(57) The local liaison committee referred to in Condition (56) shall provide a forum in which consultation and the dissemination of information can take place to consider aspects of the Development both during construction and operation on the locality.  The local liaison committee shall meet on a regular basis and at least once every quarter unless otherwise agreed by the local liaison committee.

It was with this background that Peel invited representatives from the Town and Parishes of Frodsham, Helsby, Kingsley, Sutton, Elton, Ince, Thorton-le-Moor, Alvanley, Dunham-on-the-Hill & Hapsford, together with the local CWaC Cllrs for these areas to a meeting to discuss the establishment of this local liaison panel.

I have to say for a meeting of this importance it was rather sparsely attended - only Frodsham, Helsby and Elton sent parish representatives.

This local liaison committee is designed to be a discussion forum where information and concerns about the construction of the windfarm and its works can be discussed.  One of the main purposes of the committee is to ensure that information about what is to be done is widely shared in the community - so if, for example, there are going to have to be temporary road closures that people get plenty of advance notice.

With this in mind we were asked to discuss the committee's constitution.  I made the point that every single councillor around the table was up for re-election in May - and as such we should not settle the terms now - but leave them to whoever is elected in May to finalise.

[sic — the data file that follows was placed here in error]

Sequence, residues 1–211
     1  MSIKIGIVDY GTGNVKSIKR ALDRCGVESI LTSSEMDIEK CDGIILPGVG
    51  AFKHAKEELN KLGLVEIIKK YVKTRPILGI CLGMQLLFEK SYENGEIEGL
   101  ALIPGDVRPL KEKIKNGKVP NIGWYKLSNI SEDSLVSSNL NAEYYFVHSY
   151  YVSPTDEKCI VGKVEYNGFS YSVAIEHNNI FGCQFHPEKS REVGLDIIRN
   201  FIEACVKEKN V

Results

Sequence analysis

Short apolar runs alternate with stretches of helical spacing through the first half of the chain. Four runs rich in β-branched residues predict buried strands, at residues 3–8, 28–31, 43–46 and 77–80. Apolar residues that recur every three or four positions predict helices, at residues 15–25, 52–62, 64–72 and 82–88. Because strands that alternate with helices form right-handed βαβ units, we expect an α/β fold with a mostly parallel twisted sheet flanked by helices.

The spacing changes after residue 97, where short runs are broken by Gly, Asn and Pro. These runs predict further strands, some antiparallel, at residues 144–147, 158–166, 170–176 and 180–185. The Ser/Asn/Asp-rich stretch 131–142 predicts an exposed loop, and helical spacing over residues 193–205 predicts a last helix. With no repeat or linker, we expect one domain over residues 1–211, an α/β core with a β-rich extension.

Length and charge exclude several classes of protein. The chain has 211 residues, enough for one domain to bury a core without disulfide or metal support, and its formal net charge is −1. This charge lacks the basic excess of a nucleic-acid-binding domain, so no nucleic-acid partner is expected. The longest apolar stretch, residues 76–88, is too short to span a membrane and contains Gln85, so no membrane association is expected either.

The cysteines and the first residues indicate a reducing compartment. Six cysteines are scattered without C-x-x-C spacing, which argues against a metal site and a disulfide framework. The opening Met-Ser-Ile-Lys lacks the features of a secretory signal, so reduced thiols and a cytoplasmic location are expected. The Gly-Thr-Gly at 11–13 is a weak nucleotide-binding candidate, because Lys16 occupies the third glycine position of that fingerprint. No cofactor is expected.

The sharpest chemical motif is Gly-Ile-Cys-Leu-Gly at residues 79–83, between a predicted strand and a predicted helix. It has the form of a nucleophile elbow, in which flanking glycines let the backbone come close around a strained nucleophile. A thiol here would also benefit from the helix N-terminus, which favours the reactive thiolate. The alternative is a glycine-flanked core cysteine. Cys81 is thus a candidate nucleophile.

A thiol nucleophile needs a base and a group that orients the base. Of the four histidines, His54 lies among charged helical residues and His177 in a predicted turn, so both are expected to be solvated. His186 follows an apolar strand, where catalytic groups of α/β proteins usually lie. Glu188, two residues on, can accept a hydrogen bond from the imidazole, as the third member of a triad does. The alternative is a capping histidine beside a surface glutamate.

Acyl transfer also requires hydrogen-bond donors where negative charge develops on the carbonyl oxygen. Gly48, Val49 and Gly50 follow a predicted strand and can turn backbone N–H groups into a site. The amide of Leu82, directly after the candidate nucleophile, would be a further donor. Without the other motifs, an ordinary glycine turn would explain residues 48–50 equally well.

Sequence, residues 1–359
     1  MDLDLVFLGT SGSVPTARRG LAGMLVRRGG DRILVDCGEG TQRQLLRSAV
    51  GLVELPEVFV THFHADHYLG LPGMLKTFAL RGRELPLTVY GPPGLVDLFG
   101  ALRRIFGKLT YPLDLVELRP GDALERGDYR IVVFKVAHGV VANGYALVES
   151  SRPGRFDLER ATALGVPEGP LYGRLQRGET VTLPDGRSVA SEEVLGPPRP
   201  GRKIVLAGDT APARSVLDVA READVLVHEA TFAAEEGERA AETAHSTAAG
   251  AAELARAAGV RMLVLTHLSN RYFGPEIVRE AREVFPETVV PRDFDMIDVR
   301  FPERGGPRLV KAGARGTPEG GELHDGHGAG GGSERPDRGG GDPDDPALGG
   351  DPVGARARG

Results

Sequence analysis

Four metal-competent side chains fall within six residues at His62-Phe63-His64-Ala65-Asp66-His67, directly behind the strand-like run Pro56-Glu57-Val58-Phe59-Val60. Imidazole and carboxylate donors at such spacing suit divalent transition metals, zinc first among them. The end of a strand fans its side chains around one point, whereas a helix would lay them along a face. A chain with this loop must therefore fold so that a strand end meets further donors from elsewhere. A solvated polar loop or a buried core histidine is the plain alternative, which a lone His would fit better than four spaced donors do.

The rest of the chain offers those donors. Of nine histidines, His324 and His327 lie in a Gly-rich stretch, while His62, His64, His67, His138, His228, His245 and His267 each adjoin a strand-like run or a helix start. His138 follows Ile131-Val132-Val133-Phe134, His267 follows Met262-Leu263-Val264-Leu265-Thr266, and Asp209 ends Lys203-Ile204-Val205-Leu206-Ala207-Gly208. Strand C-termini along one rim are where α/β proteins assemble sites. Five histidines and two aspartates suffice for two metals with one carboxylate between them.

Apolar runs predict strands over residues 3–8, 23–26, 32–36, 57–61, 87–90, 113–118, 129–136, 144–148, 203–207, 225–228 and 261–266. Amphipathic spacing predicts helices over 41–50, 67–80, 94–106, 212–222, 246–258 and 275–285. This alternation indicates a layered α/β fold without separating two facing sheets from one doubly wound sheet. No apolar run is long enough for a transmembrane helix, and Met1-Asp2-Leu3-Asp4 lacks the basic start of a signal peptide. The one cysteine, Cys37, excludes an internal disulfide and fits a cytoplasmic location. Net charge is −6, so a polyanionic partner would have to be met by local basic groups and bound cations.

Peel's working document suggested that each of the town and parish council representatives should have one vote on the committee.  I argued strongly against this.  With Frodsham having more than half of the local population and Helsby having 2/3rds of the turbines in front of their village I pointed out that 'one council one vote' would not be fair or reasonable.  I also argued that as the interests of Frodsham and Helsby were most affected that the committee should not be quorate without representatives from those communities being present.  I suggested also that Helsby such have the Chairmanship of the committee.  With the construction access being primarily through Ince & Elton - they too needed to have a greater say than some of the small peripheral parishes.  These principles were largely agreed at the meeting - but as ever in these things the details will have to be worked out.